Mood swings, depression, and anxiety: Lack of nutrients from food can also affect mental states.
Physical and hormonal imbalances: Unexplained dizziness, PMS, and infertility could be further signs of a problem with gluten.
Chronic fatigue or fibromyalgia: Oftentimes these are diagnosed when a doctor cannot find the direct source of the patient’s symptoms.
Autoimmune diseases: Multiple Sclerosis, Lupus, Psoriasis, Ulcerative Colitis, Rheumatoid Arthritis, and Type 1 Diabetes all share similar disease-specific antibodies.
Skin rash or hives: In extreme cases of gluten intolerance or Celiac disease, dermatitis herpetiformis may appear on the skin. The rash can occur on many areas of the body and is itchy and burning in nature.
Whatever symptoms you are feeling, listen to your body. Negative reactions to food can be your body’s way of telling you that something is off, in much the same way that bruising, swelling, or pain indicates agitation or injury. The discomfort that so many people experience from food on a daily basis may very well be a clue as to what’s really going on in your digestive tract.
The simplest way to alleviate allergic reactions to gluten is to completely remove it from your diet. You’ll want to avoid a number of foods that are known to be gluten-rich, including:
Some other foods are less readily distinguishable as having wheat, barley, or rye ingredients, but still need to be avoided. Oftentimes, these items are prepared in an environment that also processes other products containing gluten, and cross-contamination can occur. Some of the common culprits include:
Your best bet is to always check the label on your food for any inclusions of wheat, rye, flour, and oats. Many food producers now also include certified gluten-free labels on packaging to make selection even more intuitive.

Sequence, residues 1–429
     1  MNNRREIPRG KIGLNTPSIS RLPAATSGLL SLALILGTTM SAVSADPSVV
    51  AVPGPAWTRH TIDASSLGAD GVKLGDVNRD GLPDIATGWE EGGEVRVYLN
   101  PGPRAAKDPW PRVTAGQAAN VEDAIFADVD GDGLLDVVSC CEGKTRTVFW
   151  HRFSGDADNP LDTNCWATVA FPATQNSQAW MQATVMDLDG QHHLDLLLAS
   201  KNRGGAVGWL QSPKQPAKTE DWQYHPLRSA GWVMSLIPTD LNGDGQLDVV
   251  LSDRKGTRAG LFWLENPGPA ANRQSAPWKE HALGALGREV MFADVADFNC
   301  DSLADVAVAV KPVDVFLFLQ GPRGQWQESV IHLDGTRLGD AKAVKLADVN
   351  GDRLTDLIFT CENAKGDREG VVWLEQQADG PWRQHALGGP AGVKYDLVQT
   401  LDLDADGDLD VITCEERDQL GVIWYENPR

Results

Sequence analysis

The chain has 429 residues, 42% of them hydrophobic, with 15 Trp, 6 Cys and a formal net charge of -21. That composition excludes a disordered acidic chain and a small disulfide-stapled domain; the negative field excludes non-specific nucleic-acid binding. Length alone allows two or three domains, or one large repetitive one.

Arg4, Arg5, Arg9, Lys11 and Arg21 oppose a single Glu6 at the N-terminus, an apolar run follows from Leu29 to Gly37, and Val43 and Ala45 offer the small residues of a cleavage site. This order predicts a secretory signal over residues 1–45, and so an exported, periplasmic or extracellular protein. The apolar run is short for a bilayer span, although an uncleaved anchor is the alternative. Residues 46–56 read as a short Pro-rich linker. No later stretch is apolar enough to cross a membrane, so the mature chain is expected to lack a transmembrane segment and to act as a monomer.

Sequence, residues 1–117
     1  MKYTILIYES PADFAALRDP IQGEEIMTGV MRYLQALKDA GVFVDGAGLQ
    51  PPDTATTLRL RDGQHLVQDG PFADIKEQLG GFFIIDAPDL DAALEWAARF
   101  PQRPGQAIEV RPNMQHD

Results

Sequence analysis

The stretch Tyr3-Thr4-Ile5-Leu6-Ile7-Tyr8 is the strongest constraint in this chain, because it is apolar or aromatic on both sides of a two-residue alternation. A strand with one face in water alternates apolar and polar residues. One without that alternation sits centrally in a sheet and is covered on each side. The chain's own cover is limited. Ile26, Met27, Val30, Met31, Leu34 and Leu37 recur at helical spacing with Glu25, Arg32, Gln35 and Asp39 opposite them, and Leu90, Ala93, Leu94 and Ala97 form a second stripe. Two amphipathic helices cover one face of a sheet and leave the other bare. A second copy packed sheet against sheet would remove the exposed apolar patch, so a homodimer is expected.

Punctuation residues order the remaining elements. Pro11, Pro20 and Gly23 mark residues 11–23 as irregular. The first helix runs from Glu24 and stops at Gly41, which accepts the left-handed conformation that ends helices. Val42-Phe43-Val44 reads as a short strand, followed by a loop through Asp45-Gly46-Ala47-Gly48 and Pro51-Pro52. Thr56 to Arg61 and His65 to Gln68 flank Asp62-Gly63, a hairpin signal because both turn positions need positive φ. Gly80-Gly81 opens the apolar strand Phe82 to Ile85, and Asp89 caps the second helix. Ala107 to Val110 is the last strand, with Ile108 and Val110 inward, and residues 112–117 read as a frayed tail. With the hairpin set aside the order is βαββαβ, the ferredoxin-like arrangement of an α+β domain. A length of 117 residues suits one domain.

If you suspect gluten is a problem, your doctor will probably want to try and rule out Celiac disease first. Celiac disease is medically distinguishable from gluten intolerance; it is a serious autoimmune disorder which results in the body forming antibodies to gluten that, in turn, begin to damage the intestinal lining. Nearly 3 million people in the U.S. alone are affected by it.
“The prevalence of undiagnosed [Celiac Disease] seems to have increased dramatically in the United States during the last 50 years.” – GastroJournal.ORG
To confirm a diagnosis of Celiac disease, your doctor will perform a blood test and possible biopsy of the small intestine. If Celiac is ruled out, you still could have a gluten sensitivity. While there is no direct cure for either case, a gluten-free diet is the best treatment and the quickest remedy to alleviate symptoms. However, experts warn against starting a gluten-free diet without checking with your doctor first. Doing so could lead to missed opportunities for nutrients or pack your diet with foods that you might be allergic to instead.
The bad news is that wheat, barley, and rye are quite prevalent, even in healthy diets. The good news is that there are lots of other delicious substitutions you can readily find and stock up on for your home. Many restaurants, too, offer gluten-free alternatives and full gluten-free menus. But, adhering to a gluten-free diet does take a bit of preparation and leg work to both start and maintain. Here are some tips that will make your journey easier: